It makes me smile when I read the innocence of Paul as he realized one of his pastor friends was having anxiety over people rejecting him. Timothy dealt with rejection and was tormented with self-esteem issues. Paul tells him not to be afraid and to drink some wine to help with his stomach problems caused by fear.
If you know about the effects of alcohol you know it does help with anxiety but the rebound brings more anxiety. This effect is partially responsible for alcoholism. We need that downer to calm our minds but as it wears off, especially the next day, we can be left more jittery than before.
Therapists will tell you if you need to drink, then you probably shouldn’t. They say there’s nothing wrong with some alcohol but when it becomes a needed chemical to feel normal, you’ve crossed the line.
So follow Jesus or Paul? We’re indebted to Paul for the immense knowledge and explanation he brought us. He helped to build the foundation of the church. But he’s not perfect, he’s not infallible and he’s not Jesus. No one gets to make that claim.
Don’t be afraid of the Real
Honesty and raw openness will take us far but will also cause problems. Don’t think it’s an easy journey. People have had a hard time with some of my honesty. They worry I may offend the masses. While that’s not my intention, I do feel a pull to identify with Jesus. He demonstrated and was inclined to leave the 99 to help the one that had gotten away.
There’s strength in numbers but once those numbers stagnate, and get comfortable, and quit noticing the hurt, lost and possibly ostracized one, it’s no good – it’s ugly. But we are waking up. We don’t get to play God, we get to imitate Jesus! And actually Jesus told us He was no different than God because He did only what He saw the God the Father do. Digression enters here – this is another article for another day.
Remember failure is part of success. Paul failed. Nothing can live without something else dying first. We all have struggled and have things deep down we wish we didn’t deal with. But we aren’t helping anyone with our shiny, polished facades. Anonymity can bring openness – just look at Tumblr – but it doesn’t have to be that way. It shouldn’t be that way.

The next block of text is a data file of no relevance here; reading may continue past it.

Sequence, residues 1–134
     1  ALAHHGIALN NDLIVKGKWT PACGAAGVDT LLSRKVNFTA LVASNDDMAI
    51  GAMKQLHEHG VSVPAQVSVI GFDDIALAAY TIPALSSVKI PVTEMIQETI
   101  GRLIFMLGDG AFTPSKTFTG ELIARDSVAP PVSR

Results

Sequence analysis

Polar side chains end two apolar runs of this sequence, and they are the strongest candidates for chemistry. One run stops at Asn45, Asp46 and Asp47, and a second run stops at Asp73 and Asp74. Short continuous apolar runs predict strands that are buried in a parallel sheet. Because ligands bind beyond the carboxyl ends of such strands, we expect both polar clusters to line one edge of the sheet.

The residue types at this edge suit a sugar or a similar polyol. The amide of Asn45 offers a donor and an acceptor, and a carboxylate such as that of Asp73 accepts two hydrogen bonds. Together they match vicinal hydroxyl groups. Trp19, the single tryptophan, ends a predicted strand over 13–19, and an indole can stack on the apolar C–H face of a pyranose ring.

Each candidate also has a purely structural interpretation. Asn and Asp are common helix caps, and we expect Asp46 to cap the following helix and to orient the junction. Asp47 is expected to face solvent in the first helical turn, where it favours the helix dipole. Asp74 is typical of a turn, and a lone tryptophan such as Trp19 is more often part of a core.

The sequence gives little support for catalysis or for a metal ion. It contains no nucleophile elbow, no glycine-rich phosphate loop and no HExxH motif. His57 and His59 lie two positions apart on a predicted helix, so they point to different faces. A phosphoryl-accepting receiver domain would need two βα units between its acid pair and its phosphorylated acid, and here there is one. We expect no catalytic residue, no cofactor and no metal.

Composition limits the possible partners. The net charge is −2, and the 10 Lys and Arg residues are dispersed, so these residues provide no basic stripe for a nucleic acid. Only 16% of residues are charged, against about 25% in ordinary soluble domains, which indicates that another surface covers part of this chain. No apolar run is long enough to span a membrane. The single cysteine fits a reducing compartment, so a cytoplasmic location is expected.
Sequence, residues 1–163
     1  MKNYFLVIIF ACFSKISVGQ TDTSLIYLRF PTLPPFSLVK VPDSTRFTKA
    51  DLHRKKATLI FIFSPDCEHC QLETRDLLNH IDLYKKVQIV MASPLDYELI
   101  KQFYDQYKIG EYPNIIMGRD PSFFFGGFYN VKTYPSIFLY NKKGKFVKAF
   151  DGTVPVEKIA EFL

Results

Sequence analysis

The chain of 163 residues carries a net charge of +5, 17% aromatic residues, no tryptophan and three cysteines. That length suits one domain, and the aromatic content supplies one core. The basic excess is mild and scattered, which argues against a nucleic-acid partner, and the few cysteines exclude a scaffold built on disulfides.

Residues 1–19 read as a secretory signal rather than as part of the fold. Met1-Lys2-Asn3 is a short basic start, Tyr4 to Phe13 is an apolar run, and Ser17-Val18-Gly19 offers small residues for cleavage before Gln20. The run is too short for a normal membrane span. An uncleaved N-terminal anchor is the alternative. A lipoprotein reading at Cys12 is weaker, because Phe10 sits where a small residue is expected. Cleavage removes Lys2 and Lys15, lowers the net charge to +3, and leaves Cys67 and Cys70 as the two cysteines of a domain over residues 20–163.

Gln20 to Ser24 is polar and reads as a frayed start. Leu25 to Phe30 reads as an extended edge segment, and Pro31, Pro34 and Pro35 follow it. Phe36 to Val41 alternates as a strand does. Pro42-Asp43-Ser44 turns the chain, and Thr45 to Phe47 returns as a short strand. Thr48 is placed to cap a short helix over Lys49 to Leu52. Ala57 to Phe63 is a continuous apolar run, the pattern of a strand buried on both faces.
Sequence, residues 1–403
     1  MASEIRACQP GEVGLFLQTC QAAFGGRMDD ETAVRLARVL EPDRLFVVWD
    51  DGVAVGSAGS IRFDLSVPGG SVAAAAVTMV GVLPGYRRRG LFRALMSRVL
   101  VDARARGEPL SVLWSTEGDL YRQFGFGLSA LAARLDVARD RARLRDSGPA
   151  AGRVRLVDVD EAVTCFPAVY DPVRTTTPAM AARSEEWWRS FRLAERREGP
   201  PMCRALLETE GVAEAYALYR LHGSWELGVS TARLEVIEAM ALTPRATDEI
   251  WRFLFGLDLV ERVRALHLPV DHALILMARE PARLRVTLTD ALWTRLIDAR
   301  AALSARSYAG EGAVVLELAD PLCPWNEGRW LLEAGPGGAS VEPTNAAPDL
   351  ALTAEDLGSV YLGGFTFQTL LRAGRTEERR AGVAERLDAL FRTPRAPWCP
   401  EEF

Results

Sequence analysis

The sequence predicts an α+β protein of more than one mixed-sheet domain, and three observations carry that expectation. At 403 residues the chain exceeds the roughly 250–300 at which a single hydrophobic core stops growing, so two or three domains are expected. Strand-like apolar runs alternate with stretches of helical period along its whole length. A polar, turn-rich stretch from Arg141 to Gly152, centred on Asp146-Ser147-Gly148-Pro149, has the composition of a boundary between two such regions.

We still shower and put on makeup, this is good. Just don’t put on so much that we can’t see the real you. The real you is beautiful. The real you is vivacious and alive. The real you has spots and blemishes and marks. The real you is after all, the real you!
Joy Weinzierl was Real
A couple months ago my mother told us kids something about her past that we never knew. In fact only a handful of people ever knew. I can’t tell you how helpful it was for us to hear. It was empowering for us to see her humanity. But I can also tell you how hard it was for her to share – its uncomfortable to show others our blemishes.
A few weeks later she shared this for the first time publicly to a large group of women. While one could anticipate some backlash or a stinky outcome the healing that came for her and countless women listeners was astounding. When we are real we more like God. When we are real, we are free – and God created us to be free. When we are real we create a mess. Is a mess worth it if it sets people on a journey to freedom?
We can’t say what Paul said, “follow me as I follow Christ” unless we are able to see a good dose of rawness in our lives. Don’t allow your pride to put other people in a situation of feeling like they could never measure up. Its defeating and gross.
Real is the new black! The shift is happening. Don’t get left on the side of irrelevance and disconnect.
Peace and wholeness to you on your journey.